Eagles' Ertz: Bullied ex-teammate did the right thing

Posted: November 07, 2013

Down in Miami, the latest flash-point story for the NFL has developed into a national debate about hazing and the best way to handle an abusive bully. But all Zach Ertz sees in this sad situation is a friend and former teammate who did the right thing.

Ertz, a rookie tight end for the Eagles, played alongside Dolphins offensive tackle Jonathan Martin for three years at Stanford. The Dolphins have suspended another lineman, Richie Incognito, for allegedly terrorizing Martin, leaving voice mails and sending text messages that threatened Martin's life, using racially charged language, going well beyond the Animal House-style high jinks that are common to NFL culture. Martin has since taken a leave of absence from the team, and to Ertz, Martin won the confrontation with Incognito simply by walking away.

"That's something you never want to be in, when something gets that far out of line," Ertz said after the Eagles practiced Tuesday. "But I think he had to do what he had to do. I respect him for how he's handled the situation."

As egregious as Incognito's alleged behavior was, in the warped world of NFL values the bigger problem for the Dolphins - and for any franchise that has to deal with similar incidents - is that they hurt their own chances of winning games. Here was a player tearing down a teammate, leaving the Dolphins a lesser team, and that's a far greater offense than threatening and demeaning a fellow human being or even committing a crime. The Eagles' recent history demonstrates this truth.

When NFL teams and players talk about "character" or "being a good teammate," what they're really talking about is the manner in which a player attends to his football-related responsibilities. Nothing more.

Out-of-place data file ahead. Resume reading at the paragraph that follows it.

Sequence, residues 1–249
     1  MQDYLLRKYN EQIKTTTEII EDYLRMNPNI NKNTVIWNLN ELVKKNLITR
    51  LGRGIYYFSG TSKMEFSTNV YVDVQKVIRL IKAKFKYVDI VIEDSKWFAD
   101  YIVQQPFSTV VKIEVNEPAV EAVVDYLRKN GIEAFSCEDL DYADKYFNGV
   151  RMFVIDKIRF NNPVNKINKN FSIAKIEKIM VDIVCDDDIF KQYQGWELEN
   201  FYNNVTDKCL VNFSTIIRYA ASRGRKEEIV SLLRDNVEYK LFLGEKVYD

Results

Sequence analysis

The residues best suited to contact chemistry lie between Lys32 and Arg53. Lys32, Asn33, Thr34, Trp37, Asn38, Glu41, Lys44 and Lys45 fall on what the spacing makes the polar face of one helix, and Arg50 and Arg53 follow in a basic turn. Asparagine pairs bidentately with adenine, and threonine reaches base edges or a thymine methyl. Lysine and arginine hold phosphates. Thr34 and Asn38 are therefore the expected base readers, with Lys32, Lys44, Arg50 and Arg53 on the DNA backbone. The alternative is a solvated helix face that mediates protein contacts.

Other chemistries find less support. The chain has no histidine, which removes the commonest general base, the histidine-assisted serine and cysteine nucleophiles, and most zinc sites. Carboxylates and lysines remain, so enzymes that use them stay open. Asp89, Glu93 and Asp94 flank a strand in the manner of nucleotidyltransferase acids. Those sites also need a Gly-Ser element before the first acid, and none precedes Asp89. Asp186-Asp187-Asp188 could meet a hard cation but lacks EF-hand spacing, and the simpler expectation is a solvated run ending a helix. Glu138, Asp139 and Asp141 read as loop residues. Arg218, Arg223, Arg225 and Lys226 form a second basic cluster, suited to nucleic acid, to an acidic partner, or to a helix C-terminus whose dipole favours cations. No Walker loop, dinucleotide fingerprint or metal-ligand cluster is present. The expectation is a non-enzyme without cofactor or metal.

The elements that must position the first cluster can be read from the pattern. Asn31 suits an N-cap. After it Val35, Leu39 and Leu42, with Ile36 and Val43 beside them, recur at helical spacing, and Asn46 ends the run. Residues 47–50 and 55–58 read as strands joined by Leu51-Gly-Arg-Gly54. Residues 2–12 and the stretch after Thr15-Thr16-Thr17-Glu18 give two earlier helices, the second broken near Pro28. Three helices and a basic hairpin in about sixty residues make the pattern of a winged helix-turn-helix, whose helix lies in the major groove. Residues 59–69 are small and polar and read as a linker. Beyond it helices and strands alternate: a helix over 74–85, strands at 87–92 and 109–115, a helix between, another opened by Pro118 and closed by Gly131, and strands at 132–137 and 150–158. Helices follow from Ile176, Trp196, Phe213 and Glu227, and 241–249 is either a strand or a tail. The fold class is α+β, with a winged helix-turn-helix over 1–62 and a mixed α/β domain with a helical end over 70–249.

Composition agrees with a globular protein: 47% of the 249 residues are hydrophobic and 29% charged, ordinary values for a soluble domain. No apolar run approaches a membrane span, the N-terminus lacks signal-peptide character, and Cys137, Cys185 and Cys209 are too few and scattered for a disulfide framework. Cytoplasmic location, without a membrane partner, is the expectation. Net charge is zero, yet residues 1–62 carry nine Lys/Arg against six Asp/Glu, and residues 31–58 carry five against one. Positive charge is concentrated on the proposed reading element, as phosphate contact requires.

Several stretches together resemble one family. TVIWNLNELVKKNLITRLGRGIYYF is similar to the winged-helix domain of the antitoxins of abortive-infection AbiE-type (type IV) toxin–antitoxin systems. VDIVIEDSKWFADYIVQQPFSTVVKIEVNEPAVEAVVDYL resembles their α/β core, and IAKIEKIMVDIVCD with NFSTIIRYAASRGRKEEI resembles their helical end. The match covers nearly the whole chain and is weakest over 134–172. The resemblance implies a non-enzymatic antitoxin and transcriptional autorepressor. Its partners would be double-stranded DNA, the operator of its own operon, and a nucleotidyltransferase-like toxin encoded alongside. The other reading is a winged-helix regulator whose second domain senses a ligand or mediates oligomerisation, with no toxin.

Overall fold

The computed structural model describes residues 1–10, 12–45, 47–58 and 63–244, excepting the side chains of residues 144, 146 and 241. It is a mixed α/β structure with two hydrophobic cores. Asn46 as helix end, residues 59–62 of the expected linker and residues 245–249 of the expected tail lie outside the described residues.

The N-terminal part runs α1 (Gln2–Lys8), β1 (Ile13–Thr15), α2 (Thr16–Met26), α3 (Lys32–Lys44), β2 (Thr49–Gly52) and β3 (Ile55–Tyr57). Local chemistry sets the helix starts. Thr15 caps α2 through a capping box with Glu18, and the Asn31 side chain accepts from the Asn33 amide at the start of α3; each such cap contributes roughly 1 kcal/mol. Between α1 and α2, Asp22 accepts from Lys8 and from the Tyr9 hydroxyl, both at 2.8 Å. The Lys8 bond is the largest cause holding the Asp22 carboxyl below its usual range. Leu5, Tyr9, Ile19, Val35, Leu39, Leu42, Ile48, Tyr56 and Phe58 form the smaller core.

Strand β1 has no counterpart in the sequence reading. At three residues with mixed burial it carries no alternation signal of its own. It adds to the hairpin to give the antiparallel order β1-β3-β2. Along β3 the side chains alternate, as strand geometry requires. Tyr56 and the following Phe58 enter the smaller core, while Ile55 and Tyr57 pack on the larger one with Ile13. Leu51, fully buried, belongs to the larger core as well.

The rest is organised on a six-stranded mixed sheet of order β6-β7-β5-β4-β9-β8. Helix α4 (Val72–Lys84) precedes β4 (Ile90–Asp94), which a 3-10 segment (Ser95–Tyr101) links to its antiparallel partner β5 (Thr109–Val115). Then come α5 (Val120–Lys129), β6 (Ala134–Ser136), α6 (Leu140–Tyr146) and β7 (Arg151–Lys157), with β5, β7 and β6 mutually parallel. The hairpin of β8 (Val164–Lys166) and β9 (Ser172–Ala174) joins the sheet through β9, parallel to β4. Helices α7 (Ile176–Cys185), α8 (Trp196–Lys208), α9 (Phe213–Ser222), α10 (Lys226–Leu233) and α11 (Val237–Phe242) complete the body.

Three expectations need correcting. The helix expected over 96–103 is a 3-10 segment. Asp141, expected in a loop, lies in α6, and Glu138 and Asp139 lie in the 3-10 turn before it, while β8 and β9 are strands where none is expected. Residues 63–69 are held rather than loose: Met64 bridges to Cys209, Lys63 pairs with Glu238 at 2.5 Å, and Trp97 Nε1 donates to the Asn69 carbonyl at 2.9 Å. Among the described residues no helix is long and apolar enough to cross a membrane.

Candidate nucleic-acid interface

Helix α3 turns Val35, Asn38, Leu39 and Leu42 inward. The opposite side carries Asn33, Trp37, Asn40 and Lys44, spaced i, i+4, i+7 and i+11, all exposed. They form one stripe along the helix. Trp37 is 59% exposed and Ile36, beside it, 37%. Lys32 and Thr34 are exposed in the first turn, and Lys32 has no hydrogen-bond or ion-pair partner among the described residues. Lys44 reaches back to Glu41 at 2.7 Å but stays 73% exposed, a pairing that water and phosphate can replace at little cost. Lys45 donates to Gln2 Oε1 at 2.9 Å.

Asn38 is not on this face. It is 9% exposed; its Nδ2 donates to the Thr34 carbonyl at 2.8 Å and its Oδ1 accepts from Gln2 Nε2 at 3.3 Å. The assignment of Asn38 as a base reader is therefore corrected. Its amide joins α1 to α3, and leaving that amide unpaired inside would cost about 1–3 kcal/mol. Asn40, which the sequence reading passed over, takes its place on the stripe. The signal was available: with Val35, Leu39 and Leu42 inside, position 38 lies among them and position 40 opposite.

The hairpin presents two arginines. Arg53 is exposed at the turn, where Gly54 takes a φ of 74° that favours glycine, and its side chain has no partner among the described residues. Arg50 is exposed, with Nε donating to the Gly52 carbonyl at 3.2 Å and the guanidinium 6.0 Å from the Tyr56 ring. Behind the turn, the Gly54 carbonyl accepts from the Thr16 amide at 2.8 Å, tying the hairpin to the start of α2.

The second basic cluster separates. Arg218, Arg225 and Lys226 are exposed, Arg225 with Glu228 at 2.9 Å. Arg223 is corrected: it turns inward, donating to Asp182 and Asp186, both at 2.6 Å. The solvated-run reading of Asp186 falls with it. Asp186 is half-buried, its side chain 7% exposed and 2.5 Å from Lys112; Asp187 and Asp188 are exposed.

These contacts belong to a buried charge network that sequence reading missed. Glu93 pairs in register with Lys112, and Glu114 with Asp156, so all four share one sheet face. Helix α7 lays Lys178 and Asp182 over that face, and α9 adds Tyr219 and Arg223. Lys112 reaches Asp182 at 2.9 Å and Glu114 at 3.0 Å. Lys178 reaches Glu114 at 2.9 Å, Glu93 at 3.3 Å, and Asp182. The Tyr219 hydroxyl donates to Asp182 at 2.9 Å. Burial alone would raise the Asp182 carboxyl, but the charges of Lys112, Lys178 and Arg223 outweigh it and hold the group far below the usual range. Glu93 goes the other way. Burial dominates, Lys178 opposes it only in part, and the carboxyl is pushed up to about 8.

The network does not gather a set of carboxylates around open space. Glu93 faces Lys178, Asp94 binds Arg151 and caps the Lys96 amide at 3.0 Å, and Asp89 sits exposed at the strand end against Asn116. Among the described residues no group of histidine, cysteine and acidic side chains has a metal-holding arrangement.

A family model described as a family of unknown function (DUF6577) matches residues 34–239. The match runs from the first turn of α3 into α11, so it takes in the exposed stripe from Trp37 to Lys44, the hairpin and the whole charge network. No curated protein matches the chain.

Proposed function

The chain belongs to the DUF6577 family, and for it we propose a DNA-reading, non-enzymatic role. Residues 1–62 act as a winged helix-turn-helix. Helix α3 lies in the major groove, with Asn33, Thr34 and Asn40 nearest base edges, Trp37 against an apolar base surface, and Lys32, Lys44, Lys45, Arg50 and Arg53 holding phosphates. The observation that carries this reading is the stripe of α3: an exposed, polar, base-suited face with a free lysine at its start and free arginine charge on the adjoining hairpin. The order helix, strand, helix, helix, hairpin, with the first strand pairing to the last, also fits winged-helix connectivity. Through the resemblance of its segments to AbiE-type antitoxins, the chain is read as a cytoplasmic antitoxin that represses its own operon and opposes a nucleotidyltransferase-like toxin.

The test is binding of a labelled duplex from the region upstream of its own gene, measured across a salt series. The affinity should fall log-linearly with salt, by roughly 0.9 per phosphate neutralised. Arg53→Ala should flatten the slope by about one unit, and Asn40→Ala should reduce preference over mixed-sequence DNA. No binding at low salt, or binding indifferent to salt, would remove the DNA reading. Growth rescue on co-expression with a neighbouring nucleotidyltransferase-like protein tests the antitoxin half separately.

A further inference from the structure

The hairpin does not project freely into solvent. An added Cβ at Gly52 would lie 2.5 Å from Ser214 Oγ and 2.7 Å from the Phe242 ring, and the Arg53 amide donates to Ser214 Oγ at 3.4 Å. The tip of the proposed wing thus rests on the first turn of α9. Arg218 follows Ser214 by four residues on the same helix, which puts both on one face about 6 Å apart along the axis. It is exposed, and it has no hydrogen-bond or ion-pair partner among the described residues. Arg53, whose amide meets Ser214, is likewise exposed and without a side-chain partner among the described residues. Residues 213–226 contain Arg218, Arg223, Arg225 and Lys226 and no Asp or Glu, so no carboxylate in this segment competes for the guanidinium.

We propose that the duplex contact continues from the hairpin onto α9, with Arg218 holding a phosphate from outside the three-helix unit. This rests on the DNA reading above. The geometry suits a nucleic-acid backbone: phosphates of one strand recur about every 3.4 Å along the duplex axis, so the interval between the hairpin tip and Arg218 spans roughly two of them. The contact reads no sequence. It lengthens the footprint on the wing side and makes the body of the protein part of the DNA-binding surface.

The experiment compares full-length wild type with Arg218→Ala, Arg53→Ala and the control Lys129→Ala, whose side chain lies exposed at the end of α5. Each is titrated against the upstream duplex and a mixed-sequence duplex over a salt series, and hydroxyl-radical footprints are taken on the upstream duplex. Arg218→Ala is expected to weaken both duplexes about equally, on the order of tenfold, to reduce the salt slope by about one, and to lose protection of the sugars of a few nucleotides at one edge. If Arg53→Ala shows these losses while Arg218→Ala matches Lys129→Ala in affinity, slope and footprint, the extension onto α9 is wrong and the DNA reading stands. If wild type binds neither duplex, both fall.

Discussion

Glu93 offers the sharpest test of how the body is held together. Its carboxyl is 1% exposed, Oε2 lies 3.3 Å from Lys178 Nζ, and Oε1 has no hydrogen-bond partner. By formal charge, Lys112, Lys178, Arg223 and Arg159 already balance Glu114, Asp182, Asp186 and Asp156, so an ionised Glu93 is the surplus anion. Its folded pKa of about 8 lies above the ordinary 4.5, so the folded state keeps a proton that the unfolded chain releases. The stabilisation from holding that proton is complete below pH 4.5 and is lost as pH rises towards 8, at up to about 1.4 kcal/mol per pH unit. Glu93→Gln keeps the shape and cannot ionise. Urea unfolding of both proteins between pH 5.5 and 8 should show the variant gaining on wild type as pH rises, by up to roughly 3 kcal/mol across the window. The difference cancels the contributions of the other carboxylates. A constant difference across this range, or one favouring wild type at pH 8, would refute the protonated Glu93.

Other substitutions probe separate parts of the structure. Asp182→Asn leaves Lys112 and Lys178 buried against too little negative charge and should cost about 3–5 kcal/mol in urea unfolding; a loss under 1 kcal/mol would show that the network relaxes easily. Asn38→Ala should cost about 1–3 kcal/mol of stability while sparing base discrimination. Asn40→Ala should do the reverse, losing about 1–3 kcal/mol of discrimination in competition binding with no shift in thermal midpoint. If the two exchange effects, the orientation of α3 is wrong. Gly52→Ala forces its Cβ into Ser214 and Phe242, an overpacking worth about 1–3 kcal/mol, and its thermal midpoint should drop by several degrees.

It's why, despite the 18 months Michael Vick served in jail on felony dogfighting charges, his presence never promised to cause the same friction for the Eagles that Terrell Owens caused years ago, when he called quarterback Donovan McNabb a "company man," painting McNabb as an Uncle Tom and upsetting the esprit de corps of the locker room.

It's why wide receiver Riley Cooper, after his use of a racial slur was captured on video earlier this year, could have ended his own career yet still remains a key contributor to the Eagles offense. He has stayed quiet. He has played hard and, at times, very well. He's helping the team win, so the incident's significance apparently has receded with time.

It's why cornerback Cary Williams could chuckle about the hazing he experienced as a rookie in 2008 with the Tennessee Titans, pointing out the camaraderie that it cultivated between him and the Titans' veteran players.

"It was nothing," he said. "You had to buy snacks. You had to pay for little dinners, maybe buy a couple of CDs for particular guys. It was nothing really that serious or had me feeling like I wanted to get away from the place."

The worst of it, Williams said, was when someone threw his pair of Air Jordan sneakers into the cold tub. "Only found one of those shoes," he said. "I'm still looking for it." And if that's as bad as it got for him, no wonder he's laughing about it now. There is something to be said for having a callow kid earn the respect of his elder teammates - provided the rite of passage is kept in the proper perspective, provided it's not doing real damage, provided it's not the sadism Incognito has allegedly shown.

So far under coach Chip Kelly, the Eagles - with the exception of the Cooper incident - have met the criteria for an NFL team with character. It was generally true over Andy Reid's 14-year tenure as head coach, too. Their players aren't angels, but they show up on time. They do their work. They frown on those who raise a fuss.

Both Ertz and Williams said that there's been no hazing of any Eagles rookies this season, that the veterans aren't of the mind to treat any teammates that way. If that's true, then it's a small sliver of evidence that the violence and brutality inherent to football don't have to spill over into something so ugly off the field.

"Football is such a traditionalist sport," Ertz said. "Whatever happened in the past is usually going to continue. But the bullying has no place in any sport. That's the bottom line."

Has Ertz ever bullied or threatened anyone, at any level of football?

"Heck, no," he said as he left the field. "My mom would have killed me."



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